(Pocket-lint) - And so, after much speculation, the Samsung Galaxy S4 Mini is official. The company is expected to further enhance its Galaxy S4 line-up with models focusing on the camera and waterproofing and ruggedness, but the first to be unveiled to join its already available stablemate is the mid-range handset for those on a budget.
That's not to say the Mini shirks in the engine room or with other features. Indeed, much of the DNA of the larger Samsung Galaxy S4 has bled down to the more affordable version, so it's worth having a look at exactly what the difference is between the two, and whether it makes your buying decision easier or more difficult.
Naturally, with "Mini" in the name the Samsung Galaxy S4 Mini is smaller than the SGS4. Its dimensions of 124.6 x 61.3 x 8.94mm in comparison to the Galaxy S4's 136.6 x 69.8 x 7.9mm make it approximately 90 per cent smaller face-on, but to store the battery and other internal tech it's slightly fatter. The SGS4 Mini is also considerably lighter, at 107g in comparison to 130g, mainly thanks to the less glass needed for the front plate. If weight is important to you, you'll definitely notice the difference.
As it's smaller, the Mini has a 4.3-inch Super AMOLED display, whereas the Galaxy S4's Super AMOLED screen is 5-inches. Consider that the Samsung Galaxy S2 had a 4.3-inch screen too, normal at the time, and you'll most likely be happy with the tighter screen real estate. One big difference between the two screens though is in resolution. The Galaxy S4 has a Full HD 1080p (1920 x 1080) screen resolution, while the S4 Mini's isn't even HD, at 960 x 540.
Although the Samsung Galaxy S4 has the 1.6GHz Exynos 5 octa-core processor in Korea and some other areas of the world, the UK and US versions come with Qualcomm's Snapdragon 600 1.9GHz quad-core processor and 2GB of RAM instead, to allow them to be LTE 4G-enabled. The Samsung Galaxy S4 Mini utilises Qualcomm's Snapdragon 400 1.7GHz dual-core chip with 1.5GB of RAM, but that should be more than capable for daily operation.
Perhaps surprisingly, the Samsung Galaxy S4 Mini will come in three variants, with the 4G LTE version tipped for a UK release - the others are 3G-only and 3G dual-SIM. That means the SGS4 doesn't have the upper ground when it comes to superfast data speeds. One of the Mini models will also have NFC, like its larger sibling, and Wi-Fi Direct. Group Play, Samsung's technology that allows you to pair similarly endowed devices together for multiplayer gaming or music-playing abilities, is also supported, so there's little to choose between the devices in this area.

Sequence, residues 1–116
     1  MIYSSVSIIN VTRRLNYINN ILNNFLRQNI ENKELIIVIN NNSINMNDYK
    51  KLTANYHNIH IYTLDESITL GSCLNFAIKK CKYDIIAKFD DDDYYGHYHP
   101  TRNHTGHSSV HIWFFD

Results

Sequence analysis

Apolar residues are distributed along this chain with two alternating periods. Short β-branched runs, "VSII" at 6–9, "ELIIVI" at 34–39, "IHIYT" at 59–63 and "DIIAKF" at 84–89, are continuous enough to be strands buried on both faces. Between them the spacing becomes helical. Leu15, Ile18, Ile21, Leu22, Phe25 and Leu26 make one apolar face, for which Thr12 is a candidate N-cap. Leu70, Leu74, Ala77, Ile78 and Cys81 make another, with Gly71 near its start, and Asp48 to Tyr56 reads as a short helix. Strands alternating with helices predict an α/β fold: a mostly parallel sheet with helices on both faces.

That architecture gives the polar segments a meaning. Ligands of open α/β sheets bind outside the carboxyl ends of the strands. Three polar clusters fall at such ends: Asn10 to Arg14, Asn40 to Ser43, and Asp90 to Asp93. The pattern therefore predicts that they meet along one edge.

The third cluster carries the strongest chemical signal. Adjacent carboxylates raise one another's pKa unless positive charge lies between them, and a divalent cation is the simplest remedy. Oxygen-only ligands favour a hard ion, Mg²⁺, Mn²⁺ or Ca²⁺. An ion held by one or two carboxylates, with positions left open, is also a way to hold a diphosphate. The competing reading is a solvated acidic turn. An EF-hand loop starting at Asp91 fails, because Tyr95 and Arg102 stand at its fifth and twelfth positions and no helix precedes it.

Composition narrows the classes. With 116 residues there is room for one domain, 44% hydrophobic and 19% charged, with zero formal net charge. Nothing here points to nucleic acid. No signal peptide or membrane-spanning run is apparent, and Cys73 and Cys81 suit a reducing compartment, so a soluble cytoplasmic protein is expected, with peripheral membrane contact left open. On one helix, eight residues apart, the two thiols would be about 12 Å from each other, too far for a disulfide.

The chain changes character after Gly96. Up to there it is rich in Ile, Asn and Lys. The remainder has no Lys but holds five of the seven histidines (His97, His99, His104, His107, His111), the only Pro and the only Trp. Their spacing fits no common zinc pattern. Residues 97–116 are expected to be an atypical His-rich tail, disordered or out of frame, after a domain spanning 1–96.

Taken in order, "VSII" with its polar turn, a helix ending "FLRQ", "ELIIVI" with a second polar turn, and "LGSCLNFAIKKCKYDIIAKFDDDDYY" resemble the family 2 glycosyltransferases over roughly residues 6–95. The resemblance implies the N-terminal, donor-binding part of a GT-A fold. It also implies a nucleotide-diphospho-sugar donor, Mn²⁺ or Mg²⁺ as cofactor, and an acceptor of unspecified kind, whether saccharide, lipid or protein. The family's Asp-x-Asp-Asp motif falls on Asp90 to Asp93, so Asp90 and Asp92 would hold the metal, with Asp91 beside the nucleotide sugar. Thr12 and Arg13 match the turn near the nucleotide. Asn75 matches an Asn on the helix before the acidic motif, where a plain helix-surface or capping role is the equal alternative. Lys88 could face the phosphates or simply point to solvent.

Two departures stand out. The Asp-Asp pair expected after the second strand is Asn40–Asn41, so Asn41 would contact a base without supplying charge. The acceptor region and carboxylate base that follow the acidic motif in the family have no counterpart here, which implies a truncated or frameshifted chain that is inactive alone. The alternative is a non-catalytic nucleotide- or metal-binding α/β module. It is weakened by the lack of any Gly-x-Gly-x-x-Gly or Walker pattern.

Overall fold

5. Operating system
Both handsets come with the latest version of Android 4.2.2 Jelly Bean, but because of technological restrictions the Samsung Galaxy S4 Mini does not have some of the more grandstand features of the SGS4 on board. Some of Samsung's own software add-ons to Android rely on the processor and other tech to work, so Smart Stay, Smart Scroll and the camera function Dual Shot are absent on the smaller phone.
Some others have made the transition, however, including S Translator, the company's integrated software that allows you to convert spoken phrases and text into 10 different languages, and S Health.
One upshot of the lack of some of the features is that of the 8GB of on-board storage on the Mini, 5GB is available to the user. Of the 16GB of on-board storage on the SGS4, only around 9GB is available - that's a less healthy percentage.
So which to choose?
The final choice between the devices won't necessarily be made on aesthetics or even functionality, but price. Although we're still waiting on the Samsung Galaxy S4 Mini's UK pricing and release date, it will be considerably cheaper than the Galaxy S4. Yeah sure, the 5-inch Full HD screen of the SGS4 is amazing, and watching media on it is almost a tablet experience, but if you're on a budget the colours on the Mini will zing just as much through its Super AMOLED display.
It will be interesting to see what plans are available on the networks, but we'd be surprised if the Mini doesn't come free for reasonable monthly outlays. You even get the same choice of colour schemes, white frost and black mist.
That all said, if you do have a little extra put aside, the full-bodied Samsung Galaxy S4 is one hell of a smartphone.
READ: Samsung Galaxy S4 review